The University of Maryland Senate passed resolutions Wednesday aimed at improving the way Board of Regents members are chosen and affirming the body’s support for President Wallace Loh’s retirement.

The senate voted 101-9-4 to “petition the Maryland General Assembly to reconsider the way in which the USM Board of Regents is appointed and held accountable in order to make it more responsive to the concerns of students, faculty, staff, and Marylanders.”

The legislation was an effort to change the relationship between the regents and the senate, said Stephen Kenny, an undergraduate representative who worked on drafting the bill. It was purposefully left vague to give the senate and the state assembly additional room to make their own changes and recommendations.

[Read more: UMD Senate: Board of Regents “grossly exceeded its authority” by pushing for DJ Durkin to stay]

Last week, the regents — who took control of an investigation into the Maryland football program after the death of offensive lineman Jordan McNair and allegations of a “toxic culture” — recommended that athletic director Damon Evans and coach DJ Durkin keep their jobs, while Loh announced he would retire in June. Kenny said their actions encouraged him to propose the changes.

“[The regents] don’t see the will of the senate to be the will of the university and therefore the will of the flagship institution of Maryland,” said Kenny, a sophomore government and politics major. “And this is instituting a process where the Board of Regents is made aware and make sure they respond to bodies that matter.”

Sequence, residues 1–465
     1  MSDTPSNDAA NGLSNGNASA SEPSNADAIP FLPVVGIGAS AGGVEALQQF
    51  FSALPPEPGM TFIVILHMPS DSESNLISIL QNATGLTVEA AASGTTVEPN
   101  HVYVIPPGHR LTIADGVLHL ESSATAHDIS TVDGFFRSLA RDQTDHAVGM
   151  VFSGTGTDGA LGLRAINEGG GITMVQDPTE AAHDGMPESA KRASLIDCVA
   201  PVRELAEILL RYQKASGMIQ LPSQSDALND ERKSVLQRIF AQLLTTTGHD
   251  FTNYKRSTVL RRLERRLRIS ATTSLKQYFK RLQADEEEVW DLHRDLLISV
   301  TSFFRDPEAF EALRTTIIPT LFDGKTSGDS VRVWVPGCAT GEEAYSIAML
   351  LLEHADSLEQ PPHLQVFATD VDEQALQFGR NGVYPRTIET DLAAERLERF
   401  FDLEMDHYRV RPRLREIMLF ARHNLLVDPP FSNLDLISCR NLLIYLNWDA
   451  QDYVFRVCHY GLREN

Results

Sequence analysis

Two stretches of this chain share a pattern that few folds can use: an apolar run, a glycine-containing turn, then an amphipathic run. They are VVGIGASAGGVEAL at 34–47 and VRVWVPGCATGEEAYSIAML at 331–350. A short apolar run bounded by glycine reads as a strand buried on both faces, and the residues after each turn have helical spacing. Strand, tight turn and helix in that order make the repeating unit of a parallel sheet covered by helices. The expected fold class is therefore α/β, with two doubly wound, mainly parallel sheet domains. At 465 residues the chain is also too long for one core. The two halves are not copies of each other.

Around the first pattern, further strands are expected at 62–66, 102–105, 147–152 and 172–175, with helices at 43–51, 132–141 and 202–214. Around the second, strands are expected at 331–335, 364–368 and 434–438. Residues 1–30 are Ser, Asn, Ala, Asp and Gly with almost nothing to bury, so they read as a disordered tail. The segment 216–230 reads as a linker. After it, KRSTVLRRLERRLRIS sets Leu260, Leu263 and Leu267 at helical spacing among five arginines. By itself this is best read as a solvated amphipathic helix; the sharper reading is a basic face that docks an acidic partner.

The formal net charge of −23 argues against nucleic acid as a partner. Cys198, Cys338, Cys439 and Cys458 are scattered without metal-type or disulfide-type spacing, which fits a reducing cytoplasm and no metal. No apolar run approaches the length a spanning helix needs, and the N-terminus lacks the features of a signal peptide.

Uzi Vishkin, an engineering school representative for the tenured faculty, argued that the measure doesn’t make sense.

“I don’t see how realistic it is to hold a board accountable,” he said. “I think what we are asking should make sense in terms something of that can be held accountable.”

[Read more: UMD Senate sent President Loh input on football reports, but won’t say what it is]

The senate also voted 53-48-6 to support a resolution asking that Loh remain committed to the June 2019 retirement he announced last week.

Loh, who has said he told the board he had concerns about keeping Durkin, initially accepted the regents’ recommendations, then fired Durkin one day later. The Washington Post reported that the regents — who have power over university presidents but not other school personnel — had told Loh that if he fired Durkin, they’d fire him.

The day after Durkin was fired, Provost Mary Ann Rankin sent a letter to the campus community, signed by the university’s 15 deans, that slammed the board for interfering in the university’s independence and urged Loh to call off his retirement.

Kenny said that the senate’s resolution was drafted in response to students’ desires for Loh to retire.

“I am a representative of the undergraduates, and the undergraduate body has clearly stated that they want him to honor his commitment to retire in the spring,” Kenny said.

At a rally on McKeldin Mall on Monday, a coalition of 24 student groups called for Loh to resign before June. The protest, called “Fire the Liars,” featured student activists who said they didn’t think Loh had adequately responded to diversity issues on the campus throughout his tenure.

Some senate members, like undergraduate representative Lauren Brown, agreed that Loh should retire, but said the resolution should have been worded differently to avoid an unintended outcome.

Since Loh announced his retirement would occur in June instead of immediately after his replacement was hired, the board could appoint an interim president, Brown said.

“I think Loh should retire, but I’m not a big fan of the Board of Regents putting an interim president in,” said Brown, a sophomore computer engineering major. “They might not be here for the right reasons.”